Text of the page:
Shockwave for director - Web Designing

Macromedia's Director software (which significantly predates the Web) has long been the industry standard for creating multimedia presentations appropriate for CD-ROMs and kiosk displays. Director movies incorporate images, motion, sound, interactive buttons, and even QuickTime movies. In 1996, Macromedia introduced the Shockwave system, which enabled Director movies to be played directly on web pages. While Flash is better suited for the Web, there are some functions that can only be done in Director. Following is a summary of Shockwave's pros and cons.

Shockwave has a number of attractive features:

  • It can use Lingo programming. Because Shockwave can be customized with Lingo programming, it offers functionality -- such as the ability to remember user position, keep scores, "know" correct answers, and other games-related functions -- that cannot be achieved with Flash. Lingo is a robust scripting environment that offers more control over object properties, list manipulation, and a more efficient development environment.
  • It has good compression. The Shockwave file format offers efficient compression ratios, compressing Director movies to 1/3 to 1/2 of their original size.
  • It has full-featured interactivity. Shockwave brings full CD-ROM-like interactivity to web pages.
  • It uses streaming technology. Shockwave movies begin playing very quickly and continue playing as they download so they can be pseudo-streamed from an HTTP server.
  • It has a well supported format. The Shockwave plug-in is available for Windows and Mac platforms. It is one of the most popular and widely distributed plug-ins.
  • It's scriptable. Shockwave movies can be controlled by basic JavaScript commands such as Play( ) and Stop( ). Other JavaScript interactions can be set with Lingo programming within the Shockwave movie.

And on the downside . . .

  • File sizes are larger. Despite impressive compression, some Director Shockwave movies (particularly those containing sound and video content) may still be quite large for transferring over networkconnections. Depending on the nature of the content, Shockwavecould be overkill for simple effects (like interactive buttons) that may be more efficiently handled byFlash.
  • A plug-in is required. Users need to have the Shockwave plug-in installed in order to view your Director movies. The Shockwave plug-in is not as widely distributed as Flash (as of this writing, Macromediaestimates Shockwave to be installed on 60% of the Web user base). Many clients still see this as a prohibitive disadvantage.
  • There is a larger plug-in footprint. The plug-in required for playing Shockwave files is about 1MB in size and requires more systemresources to run.
  • It requires an expensive authoring tool. In order to createShockwave movies, you need Macromedia Director, which costsapproximately $995 as of this writing.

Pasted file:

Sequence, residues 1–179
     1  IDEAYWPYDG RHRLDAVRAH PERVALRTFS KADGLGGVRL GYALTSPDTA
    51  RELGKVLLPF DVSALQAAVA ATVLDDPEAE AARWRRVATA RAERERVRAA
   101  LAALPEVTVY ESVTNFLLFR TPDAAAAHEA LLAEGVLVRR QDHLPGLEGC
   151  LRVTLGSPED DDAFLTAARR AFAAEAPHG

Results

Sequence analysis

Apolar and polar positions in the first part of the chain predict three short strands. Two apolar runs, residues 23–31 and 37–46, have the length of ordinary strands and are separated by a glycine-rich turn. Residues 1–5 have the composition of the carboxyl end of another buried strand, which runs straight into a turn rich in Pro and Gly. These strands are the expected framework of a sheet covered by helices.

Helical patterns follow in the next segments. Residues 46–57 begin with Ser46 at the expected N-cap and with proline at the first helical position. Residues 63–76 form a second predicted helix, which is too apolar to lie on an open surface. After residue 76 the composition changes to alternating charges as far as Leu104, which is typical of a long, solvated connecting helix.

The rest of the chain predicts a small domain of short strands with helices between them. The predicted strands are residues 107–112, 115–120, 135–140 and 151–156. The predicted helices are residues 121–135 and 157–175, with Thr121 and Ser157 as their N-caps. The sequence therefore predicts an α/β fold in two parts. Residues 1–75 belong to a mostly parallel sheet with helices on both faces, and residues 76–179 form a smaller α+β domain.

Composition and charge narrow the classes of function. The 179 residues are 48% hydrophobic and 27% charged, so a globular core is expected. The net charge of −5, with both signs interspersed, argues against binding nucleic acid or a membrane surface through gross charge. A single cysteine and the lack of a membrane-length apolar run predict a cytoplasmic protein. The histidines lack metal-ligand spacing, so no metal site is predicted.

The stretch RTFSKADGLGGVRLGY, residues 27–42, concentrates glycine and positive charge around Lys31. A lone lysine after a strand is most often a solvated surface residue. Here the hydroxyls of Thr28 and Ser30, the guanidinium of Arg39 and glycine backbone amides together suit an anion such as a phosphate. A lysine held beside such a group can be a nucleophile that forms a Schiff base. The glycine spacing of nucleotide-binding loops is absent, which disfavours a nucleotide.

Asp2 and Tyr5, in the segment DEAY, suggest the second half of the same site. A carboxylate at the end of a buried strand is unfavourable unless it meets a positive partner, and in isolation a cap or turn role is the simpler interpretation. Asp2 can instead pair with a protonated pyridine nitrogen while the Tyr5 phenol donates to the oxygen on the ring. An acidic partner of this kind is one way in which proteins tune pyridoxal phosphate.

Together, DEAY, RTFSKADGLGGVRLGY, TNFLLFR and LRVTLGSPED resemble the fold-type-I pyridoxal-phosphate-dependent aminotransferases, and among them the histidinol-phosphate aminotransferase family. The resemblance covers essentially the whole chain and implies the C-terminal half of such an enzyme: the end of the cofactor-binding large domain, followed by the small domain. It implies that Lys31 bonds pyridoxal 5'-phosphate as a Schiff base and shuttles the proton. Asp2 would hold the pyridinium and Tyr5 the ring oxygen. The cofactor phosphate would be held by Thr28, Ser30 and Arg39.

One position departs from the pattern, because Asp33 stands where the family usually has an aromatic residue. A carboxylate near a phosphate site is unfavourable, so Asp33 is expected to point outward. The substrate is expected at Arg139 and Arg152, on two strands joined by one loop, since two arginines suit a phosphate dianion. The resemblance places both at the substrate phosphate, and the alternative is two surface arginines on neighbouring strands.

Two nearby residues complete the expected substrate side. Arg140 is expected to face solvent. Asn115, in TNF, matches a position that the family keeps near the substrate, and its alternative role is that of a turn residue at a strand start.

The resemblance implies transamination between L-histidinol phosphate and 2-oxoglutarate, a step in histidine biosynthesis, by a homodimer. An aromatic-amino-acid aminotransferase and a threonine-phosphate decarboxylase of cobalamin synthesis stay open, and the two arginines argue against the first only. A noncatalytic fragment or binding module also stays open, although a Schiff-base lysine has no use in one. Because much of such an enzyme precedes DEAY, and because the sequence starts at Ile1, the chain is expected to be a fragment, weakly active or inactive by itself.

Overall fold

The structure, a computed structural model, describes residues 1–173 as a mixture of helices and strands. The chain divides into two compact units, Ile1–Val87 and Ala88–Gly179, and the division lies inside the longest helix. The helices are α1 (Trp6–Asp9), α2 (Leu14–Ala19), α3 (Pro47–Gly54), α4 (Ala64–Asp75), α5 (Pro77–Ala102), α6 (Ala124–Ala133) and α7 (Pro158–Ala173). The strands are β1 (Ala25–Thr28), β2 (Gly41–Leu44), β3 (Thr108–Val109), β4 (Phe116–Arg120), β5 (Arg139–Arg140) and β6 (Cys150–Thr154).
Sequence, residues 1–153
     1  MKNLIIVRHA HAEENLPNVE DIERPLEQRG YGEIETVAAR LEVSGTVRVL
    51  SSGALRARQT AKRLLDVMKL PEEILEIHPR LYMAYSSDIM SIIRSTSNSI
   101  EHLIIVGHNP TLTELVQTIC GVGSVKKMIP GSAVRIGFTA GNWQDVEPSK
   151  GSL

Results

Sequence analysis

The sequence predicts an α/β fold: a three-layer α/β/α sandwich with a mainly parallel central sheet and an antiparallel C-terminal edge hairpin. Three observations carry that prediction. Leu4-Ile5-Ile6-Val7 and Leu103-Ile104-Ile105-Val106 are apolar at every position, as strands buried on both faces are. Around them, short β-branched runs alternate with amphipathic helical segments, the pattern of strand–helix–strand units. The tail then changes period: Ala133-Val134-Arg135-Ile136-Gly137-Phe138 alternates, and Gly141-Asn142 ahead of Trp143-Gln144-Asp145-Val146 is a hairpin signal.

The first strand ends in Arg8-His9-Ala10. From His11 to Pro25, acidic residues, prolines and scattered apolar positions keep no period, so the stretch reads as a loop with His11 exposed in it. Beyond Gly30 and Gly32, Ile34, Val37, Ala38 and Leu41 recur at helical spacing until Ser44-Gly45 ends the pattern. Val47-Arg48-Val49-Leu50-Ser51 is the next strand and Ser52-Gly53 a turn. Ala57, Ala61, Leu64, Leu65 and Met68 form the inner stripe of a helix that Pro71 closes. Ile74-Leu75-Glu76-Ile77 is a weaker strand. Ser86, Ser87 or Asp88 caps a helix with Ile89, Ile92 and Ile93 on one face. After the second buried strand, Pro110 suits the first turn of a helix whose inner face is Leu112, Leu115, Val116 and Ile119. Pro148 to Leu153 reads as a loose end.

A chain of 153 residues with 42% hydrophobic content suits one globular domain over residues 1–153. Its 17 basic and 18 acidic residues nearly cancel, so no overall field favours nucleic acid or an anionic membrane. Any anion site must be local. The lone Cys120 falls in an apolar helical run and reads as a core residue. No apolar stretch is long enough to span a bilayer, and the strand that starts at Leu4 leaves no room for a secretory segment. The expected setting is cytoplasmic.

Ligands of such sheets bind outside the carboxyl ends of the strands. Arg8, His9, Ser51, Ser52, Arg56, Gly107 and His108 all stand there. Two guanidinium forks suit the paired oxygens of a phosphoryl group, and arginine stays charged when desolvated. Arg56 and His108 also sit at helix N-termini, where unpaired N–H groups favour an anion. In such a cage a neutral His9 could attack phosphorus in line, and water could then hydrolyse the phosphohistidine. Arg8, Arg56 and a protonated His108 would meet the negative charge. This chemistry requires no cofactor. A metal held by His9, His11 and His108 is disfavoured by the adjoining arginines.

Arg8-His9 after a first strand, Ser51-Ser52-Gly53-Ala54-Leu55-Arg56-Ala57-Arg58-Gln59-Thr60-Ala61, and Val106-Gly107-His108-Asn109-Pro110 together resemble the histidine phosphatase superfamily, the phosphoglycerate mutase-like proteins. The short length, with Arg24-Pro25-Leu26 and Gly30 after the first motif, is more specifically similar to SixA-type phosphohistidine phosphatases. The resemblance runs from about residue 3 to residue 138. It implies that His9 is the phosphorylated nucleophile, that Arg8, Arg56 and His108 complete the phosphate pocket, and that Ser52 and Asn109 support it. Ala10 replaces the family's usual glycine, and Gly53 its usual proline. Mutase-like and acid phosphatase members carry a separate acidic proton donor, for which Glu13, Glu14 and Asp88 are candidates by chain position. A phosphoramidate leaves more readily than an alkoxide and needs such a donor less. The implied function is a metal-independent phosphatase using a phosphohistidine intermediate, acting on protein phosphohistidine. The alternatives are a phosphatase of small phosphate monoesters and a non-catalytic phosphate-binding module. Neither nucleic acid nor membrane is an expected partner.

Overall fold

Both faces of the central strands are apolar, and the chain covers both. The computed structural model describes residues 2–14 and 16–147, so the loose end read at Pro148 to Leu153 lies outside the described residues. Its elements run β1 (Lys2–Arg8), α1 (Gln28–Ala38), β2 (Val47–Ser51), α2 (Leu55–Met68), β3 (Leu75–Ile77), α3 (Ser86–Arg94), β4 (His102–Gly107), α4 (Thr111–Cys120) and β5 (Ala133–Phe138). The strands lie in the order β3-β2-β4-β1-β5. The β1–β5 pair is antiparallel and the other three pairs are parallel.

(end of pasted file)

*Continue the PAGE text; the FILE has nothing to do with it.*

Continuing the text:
• It's difficult to author. Director, with its Lingo programming language, has a steep learning curve. However, with behaviors (prewritten Lingo scripts that come with Director), it's fairly easy for beginners to jump in and accomplish some sophisticated stuff within a short period of time.
  • It's a proprietary format. Shockwave movies are in a propriety format that can only be authored using Macromedia's Director program.

Creating Shockwave Movies
Shockwave movies (which use the suffix .dcr) must be created usingMacromedia Director. Director is a powerful multimedia authoringenvironment. Although learning the basics of the software itself is not toodaunting, to make Director movies do the really cool interactive stuff, youmust learn Lingo, Director's proprietary programming language. Lingo,although simple by programming standards, can still take a long time tomaster, which is why many designers hire Director and Lingo specialists.

That said, a lesson in Director and Lingo is beyond our scope. If you'reinterested in learning Director. Pay special attention to tips for optimizing file size and preparing files for streaming. Once you've created a movie inDirector, you must save it in Shockwave format to make it play over the Web. In Director 8.5 (the current version as of this writing), use the Publish
command (listed under the File menu) to save your completed movie toShockwave format. By default, when you publish a movie, Directorautomatically creates a .dcr file and an HTML document that contains all the code necessary for displaying the Shockwave movie. Additional exportsettings (such as generating code for plug-in detection) are available on the Publish Settings dialog box.

Director 5 used the Afterburner Xtra to save a movie in Shockwave format. The ability to save directly to .dcr format was built into Director as of Version 6, making Afterburner obsolete.

Configuring the Server
Although you don't need special server software to handle Shockwave files, the server must be configured to recognize the new MIME type. The specific syntax for configuration varies for different servers, so coordinate with your system administrator.The following provides the standard necessaryelements:

  • Type/subtype: application/x-director
  • File extensions for Director Shockwave: .dcr (also .dir and .dxr)

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